I’ve actually witnessed a similar kind of reciprocal crypto community already: Dogecoin. At the height of active users in the Dogecoin community, they were sending teams to the Olympics, funding a NASCAR sponsorship, and helping provide clean water to less fortunate communities. In addition to these large philanthropic endeavors, dogecoin remained very active among smaller time cyrpto users as well via giveaways and tipping. Since Dogecoin is relatively cheap and rather stable against fiat, members of the community will often give away small amounts of coins to other users to keep everyone excited. They’ll also tip some coins during discussions about anything ranging from the future of the coin to how an individual is feeling that day.

The creation of these social debts created opportunities and obligations to have community members return often and participate. This is where Mauss’ idea seems obvious to me. Obligation to participate grows a community. For a fair amount of time, Dogecoin was one of the most traded altcoins. Sadly, the same is true about less frequent participation. Dogecoin’s active members have seen a downtick recently, which have affected popularity and participation.

Bitcoin also used to have an easy way to tip others on the Internet via ChangeTip. This service allowed easy mircopayments between individuals across a plethora of social media and networking platforms. ChangeTip was very popular. It saw over $250,000 worth of tips sent and received with most tips hovering around $1. Despite this, the service shut down in November 2016. Maybe we need a new alternative to ChangeTip?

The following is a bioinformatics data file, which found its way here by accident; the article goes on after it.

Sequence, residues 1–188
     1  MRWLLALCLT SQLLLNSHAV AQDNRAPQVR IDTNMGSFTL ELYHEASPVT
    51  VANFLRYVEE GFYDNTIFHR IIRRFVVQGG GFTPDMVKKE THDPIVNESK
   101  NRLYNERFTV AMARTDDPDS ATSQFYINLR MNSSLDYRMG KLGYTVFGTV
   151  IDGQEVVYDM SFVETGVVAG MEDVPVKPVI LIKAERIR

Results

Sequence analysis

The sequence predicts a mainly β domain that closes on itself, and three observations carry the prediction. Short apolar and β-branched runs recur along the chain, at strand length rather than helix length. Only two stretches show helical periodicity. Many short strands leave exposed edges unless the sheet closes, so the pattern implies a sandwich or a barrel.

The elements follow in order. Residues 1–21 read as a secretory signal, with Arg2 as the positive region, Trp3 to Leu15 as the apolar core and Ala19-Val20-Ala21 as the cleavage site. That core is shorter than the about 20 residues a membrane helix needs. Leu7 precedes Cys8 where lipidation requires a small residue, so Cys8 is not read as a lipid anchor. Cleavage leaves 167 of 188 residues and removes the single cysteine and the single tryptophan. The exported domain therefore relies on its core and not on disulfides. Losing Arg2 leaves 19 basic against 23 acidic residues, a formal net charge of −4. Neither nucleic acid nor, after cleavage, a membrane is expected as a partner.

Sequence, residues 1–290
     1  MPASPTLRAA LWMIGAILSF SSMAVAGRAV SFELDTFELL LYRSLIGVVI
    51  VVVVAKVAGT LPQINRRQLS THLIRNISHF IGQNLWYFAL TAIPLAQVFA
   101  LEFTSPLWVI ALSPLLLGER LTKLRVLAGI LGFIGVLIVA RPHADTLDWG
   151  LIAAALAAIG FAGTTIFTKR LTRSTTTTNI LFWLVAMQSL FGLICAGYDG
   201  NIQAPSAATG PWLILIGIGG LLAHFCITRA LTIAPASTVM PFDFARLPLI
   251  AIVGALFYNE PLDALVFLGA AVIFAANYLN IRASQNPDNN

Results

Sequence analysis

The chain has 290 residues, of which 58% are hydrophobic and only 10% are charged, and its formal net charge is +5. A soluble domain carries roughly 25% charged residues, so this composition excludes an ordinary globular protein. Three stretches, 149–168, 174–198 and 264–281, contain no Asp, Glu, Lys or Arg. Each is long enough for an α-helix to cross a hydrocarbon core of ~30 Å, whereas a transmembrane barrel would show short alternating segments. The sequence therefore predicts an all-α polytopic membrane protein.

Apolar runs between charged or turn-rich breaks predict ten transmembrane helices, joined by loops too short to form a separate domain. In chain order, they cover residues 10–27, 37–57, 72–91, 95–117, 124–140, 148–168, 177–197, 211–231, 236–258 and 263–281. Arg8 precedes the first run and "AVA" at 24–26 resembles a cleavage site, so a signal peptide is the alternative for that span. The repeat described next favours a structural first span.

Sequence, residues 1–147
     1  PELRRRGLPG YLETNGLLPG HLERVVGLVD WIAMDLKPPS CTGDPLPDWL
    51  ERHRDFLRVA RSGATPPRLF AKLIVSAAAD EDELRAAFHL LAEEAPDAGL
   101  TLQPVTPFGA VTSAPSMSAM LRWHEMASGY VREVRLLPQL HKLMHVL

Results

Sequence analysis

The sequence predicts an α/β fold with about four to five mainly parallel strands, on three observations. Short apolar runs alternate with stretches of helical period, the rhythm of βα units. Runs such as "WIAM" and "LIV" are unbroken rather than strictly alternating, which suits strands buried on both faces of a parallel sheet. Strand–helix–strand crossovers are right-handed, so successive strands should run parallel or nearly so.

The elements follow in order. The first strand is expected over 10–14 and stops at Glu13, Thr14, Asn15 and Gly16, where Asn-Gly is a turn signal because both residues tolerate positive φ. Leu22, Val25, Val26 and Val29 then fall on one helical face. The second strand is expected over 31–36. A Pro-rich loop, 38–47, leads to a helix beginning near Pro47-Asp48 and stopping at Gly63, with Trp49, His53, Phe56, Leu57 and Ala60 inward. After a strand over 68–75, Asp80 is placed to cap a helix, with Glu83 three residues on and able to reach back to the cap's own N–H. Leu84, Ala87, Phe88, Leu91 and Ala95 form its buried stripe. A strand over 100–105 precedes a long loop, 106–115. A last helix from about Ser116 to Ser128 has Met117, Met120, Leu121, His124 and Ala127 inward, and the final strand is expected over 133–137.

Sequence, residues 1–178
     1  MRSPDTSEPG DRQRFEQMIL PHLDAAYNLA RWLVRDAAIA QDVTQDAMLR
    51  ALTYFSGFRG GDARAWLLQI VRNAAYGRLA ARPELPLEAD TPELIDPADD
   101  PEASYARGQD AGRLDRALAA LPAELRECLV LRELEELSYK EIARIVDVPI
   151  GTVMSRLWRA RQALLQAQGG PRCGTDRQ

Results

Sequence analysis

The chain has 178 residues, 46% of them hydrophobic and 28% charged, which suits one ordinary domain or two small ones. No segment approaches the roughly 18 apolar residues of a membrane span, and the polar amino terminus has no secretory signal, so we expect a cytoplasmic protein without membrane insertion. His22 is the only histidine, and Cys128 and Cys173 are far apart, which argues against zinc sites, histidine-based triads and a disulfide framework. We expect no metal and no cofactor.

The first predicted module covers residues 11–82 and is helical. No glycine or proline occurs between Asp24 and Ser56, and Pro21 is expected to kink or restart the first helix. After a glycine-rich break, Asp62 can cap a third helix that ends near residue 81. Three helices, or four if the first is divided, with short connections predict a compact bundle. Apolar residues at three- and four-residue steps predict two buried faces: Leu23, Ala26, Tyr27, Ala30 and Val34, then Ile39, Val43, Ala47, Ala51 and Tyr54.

In no way am I suggesting that everyone start throwing large amounts of bitcoin around at each other in the same way Doge was able to. However I am suggesting that if small crypto tips are not available, that we think of Mauss and gift what we can to newcomers and veterans alike. This can be small amounts of altcoins (if the transaction fees allow), but more so knowledge and guidance. Helping individuals get started with crypto is the single easiest way to create that social obligation, to engender participation. Because participation is likely the most effective way to wider adoption and use.

Chuck Reynolds
Contributor

Indian Bank Wants Joint Effort To Share Data On Blockchain

Indian Bank Wants Joint Effort To Share
Data On Blockchain

Recently, the Bank of Uganda has warned citizens against investing in cryptocurrencies, putting Onecoin and Bitcoin in the same trash buсket. What is behind the positions of governments of developing countries like Uganda and Nigeria? Before Uganda, such warnings have come out of some other developing countries like Nigeria.

So today in Nigeria a lot of individuals now take extra care when making transactions in local banks for Bitcoin-related products or services. Users most often clearly advise depositors not to include such in the description of the purpose of a transaction, so as to avoid having their bank accounts blocked or frozen.

Quasi-currencies

A lot of individuals have fallen victim to cryptocurrency scams by investing in what they thought were real and genuine cryptocurrencies. Many experts and economists consider OneCoin as the current number one scam coin in the world. It does not possess the fundamental characteristics of a genuine cryptocurrency, instead, its followers pursue the cause of OneCoin as a religion. But why Bitcoin gets mixed up with that “currency” that is built similarly to other MLM pyramids?

Government position

Data Architect at Central Bank of Nigeria, Ayodeji Odusote thinks that there are technical differences in the warnings from Nigeria and Uganda. While Nigeria addressed specifically stakeholders in the regulated financial services sector, Ugandan authorities appealed to the wider public.